by Adam Eisgrau, ALA Washington Office
May 14, 2015
Crossposted from District Dispatch
Last night the House of Representatives voted overwhelmingly, 338 to 88, for passage of the latest version of the USA FREEDOM Act, H.R. 2048. The bill — and the battle to achieve the first meaningful reform of the USA PATRIOT Act since it was enacted 14 years ago — now shifts to the Senate. There, the outcome may well turn on the willingness of individual voters to overwhelm Congress with demands that USA FREEDOM either be passed without being weakened, or that the now infamous “library provision” of the PATRIOT Act (Section 215) and others slated for expiration on June 1 simply be permitted to “sunset” as the Act provides if Congress takes no action. Now is the time for all librarians and library supporters — for you — to send that message to both of your US Senators. Head to the action center to find out how.
For the many reasons detailed in yesterday’s post, ALA and its many private and public sector coalition partners have strongly urged Congress to pass the USA FREEDOM Act of 2015 without weakening its key, civil liberties-restoring provisions. Already a finely-tuned compromise that delivers fewer privacy protections than last year’s Senate version of the USA FREEDOM Act, this year’s bill simply cannot sustain further material dilution and retain ALA’s (and many other groups’) support. The Obama Administration also officially endorsed and called for passage of the bill.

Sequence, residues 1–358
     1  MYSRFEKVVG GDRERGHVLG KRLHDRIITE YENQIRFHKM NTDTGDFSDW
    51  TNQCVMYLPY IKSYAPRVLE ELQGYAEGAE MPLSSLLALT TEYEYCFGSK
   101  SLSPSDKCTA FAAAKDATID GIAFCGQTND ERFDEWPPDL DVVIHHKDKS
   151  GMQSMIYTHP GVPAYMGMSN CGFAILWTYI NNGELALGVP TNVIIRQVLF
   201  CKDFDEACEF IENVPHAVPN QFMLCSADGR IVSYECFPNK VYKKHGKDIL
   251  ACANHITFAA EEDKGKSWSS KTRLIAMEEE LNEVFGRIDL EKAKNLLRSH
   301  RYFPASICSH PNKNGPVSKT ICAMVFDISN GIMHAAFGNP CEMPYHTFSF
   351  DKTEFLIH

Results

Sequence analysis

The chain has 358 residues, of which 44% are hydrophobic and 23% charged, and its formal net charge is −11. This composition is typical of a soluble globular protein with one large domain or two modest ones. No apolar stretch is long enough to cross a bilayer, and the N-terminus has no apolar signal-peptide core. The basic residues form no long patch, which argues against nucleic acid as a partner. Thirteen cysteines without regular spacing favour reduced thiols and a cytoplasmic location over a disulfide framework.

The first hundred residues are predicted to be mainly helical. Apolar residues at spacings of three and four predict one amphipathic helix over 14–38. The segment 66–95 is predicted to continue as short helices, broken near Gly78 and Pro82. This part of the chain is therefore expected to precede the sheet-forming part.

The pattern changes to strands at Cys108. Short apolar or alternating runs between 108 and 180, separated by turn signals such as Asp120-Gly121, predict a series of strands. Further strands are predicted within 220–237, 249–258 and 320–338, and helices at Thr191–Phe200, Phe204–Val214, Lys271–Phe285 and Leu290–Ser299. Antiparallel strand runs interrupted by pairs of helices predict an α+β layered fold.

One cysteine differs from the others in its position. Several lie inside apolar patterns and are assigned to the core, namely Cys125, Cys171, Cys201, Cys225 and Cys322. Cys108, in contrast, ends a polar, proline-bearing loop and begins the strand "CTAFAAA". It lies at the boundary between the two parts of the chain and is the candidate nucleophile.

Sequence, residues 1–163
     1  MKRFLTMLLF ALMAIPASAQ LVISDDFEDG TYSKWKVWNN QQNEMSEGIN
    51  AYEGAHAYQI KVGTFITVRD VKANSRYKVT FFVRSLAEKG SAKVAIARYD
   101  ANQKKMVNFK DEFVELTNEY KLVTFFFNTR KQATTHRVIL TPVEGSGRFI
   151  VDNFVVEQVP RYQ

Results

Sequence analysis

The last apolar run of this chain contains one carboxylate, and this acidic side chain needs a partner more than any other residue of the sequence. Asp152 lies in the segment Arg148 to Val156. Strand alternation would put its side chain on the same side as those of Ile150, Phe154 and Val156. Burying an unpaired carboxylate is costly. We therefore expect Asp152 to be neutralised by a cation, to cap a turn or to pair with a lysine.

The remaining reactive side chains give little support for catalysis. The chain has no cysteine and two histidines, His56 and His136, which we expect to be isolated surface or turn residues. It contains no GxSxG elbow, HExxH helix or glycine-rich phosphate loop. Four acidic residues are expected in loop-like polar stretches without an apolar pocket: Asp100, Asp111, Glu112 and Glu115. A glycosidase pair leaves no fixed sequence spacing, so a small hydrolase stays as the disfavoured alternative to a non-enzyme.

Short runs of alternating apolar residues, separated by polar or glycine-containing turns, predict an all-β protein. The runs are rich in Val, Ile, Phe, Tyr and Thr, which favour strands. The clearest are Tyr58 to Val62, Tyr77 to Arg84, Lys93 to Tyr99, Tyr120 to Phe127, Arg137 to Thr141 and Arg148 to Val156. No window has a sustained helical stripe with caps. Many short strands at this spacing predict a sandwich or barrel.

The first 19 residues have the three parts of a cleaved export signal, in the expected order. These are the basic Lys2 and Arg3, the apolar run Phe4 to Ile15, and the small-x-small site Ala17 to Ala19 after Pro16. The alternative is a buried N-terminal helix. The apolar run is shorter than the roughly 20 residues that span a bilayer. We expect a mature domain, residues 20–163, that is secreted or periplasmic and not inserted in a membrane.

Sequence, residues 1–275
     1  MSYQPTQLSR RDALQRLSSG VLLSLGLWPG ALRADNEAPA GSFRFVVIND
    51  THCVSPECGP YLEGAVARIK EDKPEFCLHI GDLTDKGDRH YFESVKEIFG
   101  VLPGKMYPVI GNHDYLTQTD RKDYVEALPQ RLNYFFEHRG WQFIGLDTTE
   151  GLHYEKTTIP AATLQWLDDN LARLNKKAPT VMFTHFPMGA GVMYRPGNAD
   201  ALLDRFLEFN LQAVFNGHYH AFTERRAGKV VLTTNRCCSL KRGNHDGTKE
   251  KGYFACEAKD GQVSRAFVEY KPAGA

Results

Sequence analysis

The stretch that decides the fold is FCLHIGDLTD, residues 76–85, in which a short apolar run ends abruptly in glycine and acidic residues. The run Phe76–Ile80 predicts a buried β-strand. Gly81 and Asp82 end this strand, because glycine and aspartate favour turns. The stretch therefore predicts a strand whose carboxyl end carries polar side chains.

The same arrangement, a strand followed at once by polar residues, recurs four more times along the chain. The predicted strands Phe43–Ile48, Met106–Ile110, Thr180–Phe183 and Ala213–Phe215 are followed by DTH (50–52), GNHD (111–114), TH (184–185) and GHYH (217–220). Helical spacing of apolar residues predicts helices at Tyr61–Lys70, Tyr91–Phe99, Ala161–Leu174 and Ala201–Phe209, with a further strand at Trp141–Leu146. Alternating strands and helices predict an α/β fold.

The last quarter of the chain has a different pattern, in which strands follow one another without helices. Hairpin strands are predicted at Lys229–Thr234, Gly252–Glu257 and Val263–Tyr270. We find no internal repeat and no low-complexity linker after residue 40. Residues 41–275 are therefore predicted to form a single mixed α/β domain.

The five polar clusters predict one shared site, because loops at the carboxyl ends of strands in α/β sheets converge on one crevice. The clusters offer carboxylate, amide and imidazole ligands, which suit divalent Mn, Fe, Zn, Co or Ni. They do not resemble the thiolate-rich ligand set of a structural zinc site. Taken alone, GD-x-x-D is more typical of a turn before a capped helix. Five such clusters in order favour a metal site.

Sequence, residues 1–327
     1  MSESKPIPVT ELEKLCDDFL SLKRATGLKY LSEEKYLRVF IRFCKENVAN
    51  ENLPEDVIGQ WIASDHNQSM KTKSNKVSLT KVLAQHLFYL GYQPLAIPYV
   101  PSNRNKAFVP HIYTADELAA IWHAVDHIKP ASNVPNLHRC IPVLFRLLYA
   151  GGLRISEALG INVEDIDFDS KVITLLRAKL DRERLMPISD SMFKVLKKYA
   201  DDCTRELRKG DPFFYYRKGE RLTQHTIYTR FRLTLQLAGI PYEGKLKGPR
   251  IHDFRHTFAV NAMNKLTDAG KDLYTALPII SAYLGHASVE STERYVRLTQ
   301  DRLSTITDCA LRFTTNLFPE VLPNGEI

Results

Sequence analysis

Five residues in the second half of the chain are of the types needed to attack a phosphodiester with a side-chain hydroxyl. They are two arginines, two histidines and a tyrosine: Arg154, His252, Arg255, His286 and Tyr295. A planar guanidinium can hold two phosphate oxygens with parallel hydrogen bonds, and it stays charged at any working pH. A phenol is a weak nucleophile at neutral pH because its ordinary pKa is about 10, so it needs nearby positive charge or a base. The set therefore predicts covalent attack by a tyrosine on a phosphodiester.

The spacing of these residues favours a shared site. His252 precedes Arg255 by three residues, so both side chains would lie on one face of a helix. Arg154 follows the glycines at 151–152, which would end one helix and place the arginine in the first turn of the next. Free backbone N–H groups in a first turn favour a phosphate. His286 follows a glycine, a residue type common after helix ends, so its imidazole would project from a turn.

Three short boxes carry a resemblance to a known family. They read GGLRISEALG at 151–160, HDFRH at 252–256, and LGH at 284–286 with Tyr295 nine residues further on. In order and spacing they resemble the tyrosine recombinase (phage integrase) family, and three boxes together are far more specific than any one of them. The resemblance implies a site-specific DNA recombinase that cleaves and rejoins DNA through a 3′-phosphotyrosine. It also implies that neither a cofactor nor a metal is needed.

Unfortunately, the danger of the USA FREEDOM Act being blocked entirely or materially weakened is high. The powerful leader of the Senate, Mitch McConnell of Kentucky, is vowing to bar consideration of H.R. 2048 and, instead, to provide the Senate with an opportunity to vote only on his own legislation (co-authored with the Chair of the Senate Intelligence Committee) to reauthorize the expiring provisions of the PATRIOT Act with no privacy-protecting or other changes whatsoever. Failing the ability to pass that bill, Sen. McConnell and his allies have said that they will seek one or more short-term extensions of the PATRIOT Act’s expiring provisions.
Particularly in light of last week’s ruling by a federal appellate court that the government’s interpretation of its “bulk collection” authority under Section 215 was illegally broad in all key respects, ALA and its partners from across the political spectrum vehemently oppose any extension without meaningful reform of the USA PATRIOT Act of any duration.
The looming June 1 “sunset” date provides the best leverage since 2001 to finally recalibrate key parts of the nation’s surveillance laws to again respect and protect library records and all of our civil liberties.Please, contact your Senators now!
Statement of Sen. Patrick Leahy, lead sponsor of S. 1123 (May 11, 2015)
Open Technology Institute Comparative Analysis of select USA FREEDOM Acts of 2014 and 2015
“Patriot Act in Uncharted Legal Territory as Deadline Approaches,” National Journal (May 10, 2015)
“N.S.A. Collection of Bulk Call Data Is Ruled Illegal,” New York Times (May 7, 2015)